Facebook activated its "Safety Check" function for the first time in the United States Sunday after the nightclub massacre in Orlando, Florida.
The Safety Check, first introduced in October 2014, allows Facebook users to notify friends that they are safe in the wake of a natural disaster or a crisis.
"Waking up this morning, I was deeply upset to hear about the shooting in Orlando. My thoughts and prayers are with the victims, their families and the LGBT community," said Facebook Chief Executive Mark Zuckerberg on his official account.
The shooting quickly emerged as a top trending topic on Facebook and Twitter, with hashtag #PrayforOrlando being one of the top posts throughout the day.
Last year, Facebook vowed to turn on the Safety Check more often during disasters in response to criticism that it enabled the function after Islamic State militant attacks on Paris and not the day before, when a bomb killed at least 43 people in Beirut.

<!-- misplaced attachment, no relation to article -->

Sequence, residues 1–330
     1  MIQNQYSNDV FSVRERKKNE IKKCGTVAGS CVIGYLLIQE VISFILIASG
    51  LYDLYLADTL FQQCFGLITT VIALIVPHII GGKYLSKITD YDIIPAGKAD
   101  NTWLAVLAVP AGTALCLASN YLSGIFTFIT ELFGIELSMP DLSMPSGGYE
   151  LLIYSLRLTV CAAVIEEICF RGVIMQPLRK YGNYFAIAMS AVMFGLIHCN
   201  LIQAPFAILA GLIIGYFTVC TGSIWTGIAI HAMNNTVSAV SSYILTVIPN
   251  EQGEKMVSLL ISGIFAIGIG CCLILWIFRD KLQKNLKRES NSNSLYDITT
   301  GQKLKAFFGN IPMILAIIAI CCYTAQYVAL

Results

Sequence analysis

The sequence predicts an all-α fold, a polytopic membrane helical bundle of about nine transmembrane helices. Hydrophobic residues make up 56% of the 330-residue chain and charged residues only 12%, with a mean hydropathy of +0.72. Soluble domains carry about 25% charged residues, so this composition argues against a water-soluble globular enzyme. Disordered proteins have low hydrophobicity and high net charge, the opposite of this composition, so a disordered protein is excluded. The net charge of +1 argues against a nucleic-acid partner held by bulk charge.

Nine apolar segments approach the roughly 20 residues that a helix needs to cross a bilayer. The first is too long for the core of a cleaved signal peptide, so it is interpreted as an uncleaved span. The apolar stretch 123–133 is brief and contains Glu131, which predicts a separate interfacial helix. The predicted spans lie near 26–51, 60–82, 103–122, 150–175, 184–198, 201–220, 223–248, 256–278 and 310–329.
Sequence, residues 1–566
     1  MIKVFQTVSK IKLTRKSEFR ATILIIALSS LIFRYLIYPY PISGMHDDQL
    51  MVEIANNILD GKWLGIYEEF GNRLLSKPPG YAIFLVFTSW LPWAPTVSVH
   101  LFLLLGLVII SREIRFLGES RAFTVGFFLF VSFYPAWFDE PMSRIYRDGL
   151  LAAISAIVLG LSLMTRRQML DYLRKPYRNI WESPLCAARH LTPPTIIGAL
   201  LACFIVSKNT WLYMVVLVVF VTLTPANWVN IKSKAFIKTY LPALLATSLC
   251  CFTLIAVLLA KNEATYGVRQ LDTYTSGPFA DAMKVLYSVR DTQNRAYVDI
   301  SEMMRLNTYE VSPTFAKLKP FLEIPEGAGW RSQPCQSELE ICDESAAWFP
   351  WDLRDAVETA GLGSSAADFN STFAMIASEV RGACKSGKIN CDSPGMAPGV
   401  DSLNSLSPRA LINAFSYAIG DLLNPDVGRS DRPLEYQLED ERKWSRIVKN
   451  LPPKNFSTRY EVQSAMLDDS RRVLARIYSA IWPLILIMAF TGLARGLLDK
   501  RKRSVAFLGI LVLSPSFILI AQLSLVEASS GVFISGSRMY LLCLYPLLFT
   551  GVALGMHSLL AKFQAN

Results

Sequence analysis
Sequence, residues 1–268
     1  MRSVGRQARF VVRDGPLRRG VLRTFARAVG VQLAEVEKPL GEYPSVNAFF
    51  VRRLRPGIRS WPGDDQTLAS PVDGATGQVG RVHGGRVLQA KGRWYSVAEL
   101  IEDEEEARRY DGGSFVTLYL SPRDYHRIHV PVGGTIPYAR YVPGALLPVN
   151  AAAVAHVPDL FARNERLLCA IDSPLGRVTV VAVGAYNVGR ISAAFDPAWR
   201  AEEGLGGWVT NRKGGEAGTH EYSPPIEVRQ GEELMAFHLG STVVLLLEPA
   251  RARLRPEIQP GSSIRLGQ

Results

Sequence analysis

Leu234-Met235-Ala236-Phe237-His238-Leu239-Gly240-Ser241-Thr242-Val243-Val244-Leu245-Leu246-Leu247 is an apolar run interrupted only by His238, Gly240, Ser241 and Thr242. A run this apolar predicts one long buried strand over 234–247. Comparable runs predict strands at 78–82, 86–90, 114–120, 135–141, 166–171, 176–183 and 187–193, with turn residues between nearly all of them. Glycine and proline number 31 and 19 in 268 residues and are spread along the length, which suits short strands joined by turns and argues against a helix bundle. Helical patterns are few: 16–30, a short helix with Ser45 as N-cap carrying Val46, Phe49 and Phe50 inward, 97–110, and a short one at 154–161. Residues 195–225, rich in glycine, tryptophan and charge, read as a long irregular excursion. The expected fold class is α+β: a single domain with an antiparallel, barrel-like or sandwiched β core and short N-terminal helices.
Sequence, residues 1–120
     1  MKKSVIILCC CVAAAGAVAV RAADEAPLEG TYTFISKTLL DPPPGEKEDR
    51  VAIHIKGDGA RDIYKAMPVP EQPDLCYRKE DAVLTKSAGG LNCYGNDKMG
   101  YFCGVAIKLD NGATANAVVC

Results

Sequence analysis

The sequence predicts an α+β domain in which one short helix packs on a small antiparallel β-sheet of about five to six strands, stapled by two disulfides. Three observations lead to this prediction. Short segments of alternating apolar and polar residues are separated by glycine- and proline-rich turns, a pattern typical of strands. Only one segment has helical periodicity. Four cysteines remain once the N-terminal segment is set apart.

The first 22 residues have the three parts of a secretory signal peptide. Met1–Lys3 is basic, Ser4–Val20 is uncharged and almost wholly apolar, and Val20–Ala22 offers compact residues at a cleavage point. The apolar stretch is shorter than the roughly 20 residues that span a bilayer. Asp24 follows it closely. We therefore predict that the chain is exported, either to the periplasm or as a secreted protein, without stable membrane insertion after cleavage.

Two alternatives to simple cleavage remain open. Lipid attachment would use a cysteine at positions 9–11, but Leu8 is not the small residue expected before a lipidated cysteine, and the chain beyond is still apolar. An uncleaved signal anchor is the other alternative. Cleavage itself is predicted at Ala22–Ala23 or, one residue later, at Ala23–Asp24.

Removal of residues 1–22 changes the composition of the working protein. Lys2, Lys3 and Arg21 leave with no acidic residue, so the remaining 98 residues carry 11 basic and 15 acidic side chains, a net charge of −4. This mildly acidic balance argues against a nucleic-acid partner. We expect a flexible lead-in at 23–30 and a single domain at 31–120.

Facebook has previously employed its Safety Check feature after emergencies in France, Belgium, Pakistan, Nigeria, India and other countries.
Facebook and Twitter were used by people at the scene of the attack at Pulse, the popular gay nightclub in Orlando. Club goers traded messages as they searched for loved ones in the chaotic aftermath of the massacre.